A San Antonio woman is suing the city of San Antonio and scooter company Lime for an injury she sustained after a scooter she was riding hit a hole in the street.
Tina Galvan, 47, rode a Lime scooter the evening of June 15 when she hit a small pothole in the street and was thrown.
The lawsuit said Galvan didn’t see the hole because of limited lighting.
“The failure of the Lime scooter caused Plaintiff to be suddenly and unexpectedly ejected from the scooter and thrown to the ground, resulting in serious injuries to her head, face, neck, knee, forearm and wrist,” said the lawsuit. The scooter’s design prevented it from traversing a pothole, which is the noted failure, according Galvan’s lawyers.
“When I came to my knee was swollen so bad I couldn’t walk and (it was) bleeding, my forehead was bleeding, my teeth had gone through my bottom lip and my arm was broken,” said Galvan in a phone interview.
Her front teeth are loose, she said, and she has painful slipped discs in her back, along with pain in her knee. She was unable to move because of the broken arm but was able to dial 911. She was brought to Baptist Hospital downtown.
The lawsuit said the lack of street markings warning riders constituted city negligence. The intersection — East Carson and Muncey — had recently been repaved.
The hole appeared about the width of a standard automobile tire and less than 4 inches long in provided photos.
“San Antonio knowingly left the condition of the roadway in a dangerous condition as it relates to lawful e-Scooter users,” the lawsuit said.
This is the first reported lawsuit against the city but may not be the last. Between August of last year and June 6, nearly 200 EMS calls resulted in dozens or people taken to area hospitals. Injuries declined markedly after scooters were no longer allowed to be operated overnight.
The city banned sidewalk scooter riding July 1, and the condition of city streets have often been brought up as a cause for concern by cyclists and scooter riders.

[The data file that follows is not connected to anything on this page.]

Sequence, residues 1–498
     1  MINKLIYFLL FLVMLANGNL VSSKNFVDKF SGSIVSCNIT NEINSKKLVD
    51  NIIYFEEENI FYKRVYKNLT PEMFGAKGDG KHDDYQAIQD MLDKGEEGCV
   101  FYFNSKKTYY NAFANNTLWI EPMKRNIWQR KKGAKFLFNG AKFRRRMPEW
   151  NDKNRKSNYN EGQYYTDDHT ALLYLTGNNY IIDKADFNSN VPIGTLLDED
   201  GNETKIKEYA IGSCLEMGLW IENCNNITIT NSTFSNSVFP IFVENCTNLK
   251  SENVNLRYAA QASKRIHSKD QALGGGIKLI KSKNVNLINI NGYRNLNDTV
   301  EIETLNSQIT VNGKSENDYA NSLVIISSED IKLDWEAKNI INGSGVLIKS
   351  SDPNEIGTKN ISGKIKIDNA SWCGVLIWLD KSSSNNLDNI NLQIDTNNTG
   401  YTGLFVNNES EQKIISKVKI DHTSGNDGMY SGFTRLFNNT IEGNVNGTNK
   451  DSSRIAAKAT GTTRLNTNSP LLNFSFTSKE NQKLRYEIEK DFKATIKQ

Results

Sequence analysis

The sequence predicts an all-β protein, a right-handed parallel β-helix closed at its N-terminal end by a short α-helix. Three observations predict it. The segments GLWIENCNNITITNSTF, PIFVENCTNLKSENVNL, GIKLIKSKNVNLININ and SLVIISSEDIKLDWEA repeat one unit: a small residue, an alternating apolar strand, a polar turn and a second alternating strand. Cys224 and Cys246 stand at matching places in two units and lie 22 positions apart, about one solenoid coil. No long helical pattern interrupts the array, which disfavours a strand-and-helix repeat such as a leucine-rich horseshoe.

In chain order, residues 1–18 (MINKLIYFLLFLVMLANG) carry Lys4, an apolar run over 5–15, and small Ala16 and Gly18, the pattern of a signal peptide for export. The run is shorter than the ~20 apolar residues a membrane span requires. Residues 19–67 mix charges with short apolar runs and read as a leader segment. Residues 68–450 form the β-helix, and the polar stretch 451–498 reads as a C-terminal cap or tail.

“I’m absolutely not surprised about this litigation and would expect more,” said Rey Saldana, former councilman for District 4, who voted for the sidewalk ban. “San Antonio has been allergic to investing in ways to share the roads with anyone but cars.”
Regardless of San Antonio’s infrastructure deficits, which in many ways are shared with cities across the country, the lawsuit highlights a user manual from manufacturers recommending riders only ride on sidewalks.
This is not the first lawsuit against Neutron Holdings, Lime's parent company, as well as other scooter companies. A class-action lawsuit was filed last October for gross negligence against Lime and Bird, as well as scooter manufacturers Xiaomi and Segway. Personal injury lawsuits against the companies have cropped up across the country.
A report from the Centers for Disease Control and the City of Austin showed 48% of scooter injuries were to the head, and only one person of the 190 injured evaluated wore a helmet.
24-year-old Dallas resident Jakoby Stoneking was one of a handful of known deaths resulting from scooter accidents across the country.
San Antonio city officials wrote in an email that they could not comment on pending litigation. Representatives from Lime also said in an email that they could not comment, but rider safety is their "highest priority."